Remote working is a skill
Treat remote-working as a new skill to learn. If you’ve not worked this way before, it can take time to adjust and get into your groove. Try different things — different task-management tools, different working patterns and so on — to see what works best for you.
Some people love the peace of working from home, others need more of a buzz, and prefer to work from a local co-working space or even a café once in a while. Like anything new, it can take a little while to adjust — be kind to yourself, take note of what’s working (or not working), and be willing to tweak things as you go along.
Be really proactive about communication. Don’t rely on email — pick up the phone, and make sure you’re active on social working tools such as Slack, Workplace or Yammer if your company uses those. Make sure you’re offering ideas, following things up, and generally getting involved.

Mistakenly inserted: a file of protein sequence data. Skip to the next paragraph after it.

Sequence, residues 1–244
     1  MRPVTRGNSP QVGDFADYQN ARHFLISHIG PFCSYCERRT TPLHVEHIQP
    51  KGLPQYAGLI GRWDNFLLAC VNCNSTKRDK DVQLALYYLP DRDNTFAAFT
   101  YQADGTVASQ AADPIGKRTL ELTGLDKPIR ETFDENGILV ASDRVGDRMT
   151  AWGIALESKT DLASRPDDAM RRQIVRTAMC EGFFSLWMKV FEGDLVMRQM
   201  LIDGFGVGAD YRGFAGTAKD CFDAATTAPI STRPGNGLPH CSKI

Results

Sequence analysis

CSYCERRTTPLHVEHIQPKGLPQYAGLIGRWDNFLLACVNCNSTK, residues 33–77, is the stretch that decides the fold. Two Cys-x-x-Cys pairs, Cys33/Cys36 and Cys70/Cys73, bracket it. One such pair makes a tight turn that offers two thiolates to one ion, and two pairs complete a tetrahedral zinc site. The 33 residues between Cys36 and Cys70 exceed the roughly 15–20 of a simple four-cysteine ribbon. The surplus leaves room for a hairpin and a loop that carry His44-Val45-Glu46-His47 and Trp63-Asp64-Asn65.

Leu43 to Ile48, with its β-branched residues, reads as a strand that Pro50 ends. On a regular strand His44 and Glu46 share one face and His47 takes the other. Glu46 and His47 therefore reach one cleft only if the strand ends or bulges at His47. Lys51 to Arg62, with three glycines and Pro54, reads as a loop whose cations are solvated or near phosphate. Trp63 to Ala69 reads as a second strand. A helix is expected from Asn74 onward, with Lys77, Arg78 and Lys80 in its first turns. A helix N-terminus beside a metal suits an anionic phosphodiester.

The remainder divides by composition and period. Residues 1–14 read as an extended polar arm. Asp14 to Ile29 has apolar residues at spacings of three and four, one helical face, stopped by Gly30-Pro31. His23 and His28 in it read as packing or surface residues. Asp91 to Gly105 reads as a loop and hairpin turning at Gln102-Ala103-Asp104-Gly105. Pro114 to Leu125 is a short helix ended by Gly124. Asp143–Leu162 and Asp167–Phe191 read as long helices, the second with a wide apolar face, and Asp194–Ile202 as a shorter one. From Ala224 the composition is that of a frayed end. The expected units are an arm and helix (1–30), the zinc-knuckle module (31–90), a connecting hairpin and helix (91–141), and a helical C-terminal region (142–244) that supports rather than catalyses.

Be clear about any times you won’t be available, so colleagues aren’t left feeling frustrated if they can’t get hold of you. Some face-to-face time is still useful. Go into the office once in a while for meetings if you can — and leave time for lunch or coffee with colleagues.
If your employer is on the other side of the world, think of other was to keep those informal connections. For example, a video lunch where you eat together with time to chat.
Build your network
Working from home on your own can be lonely, but there are lots of ways to connect, such as going to conferences or local networking events. Some people like to use a co-working space once a week or so.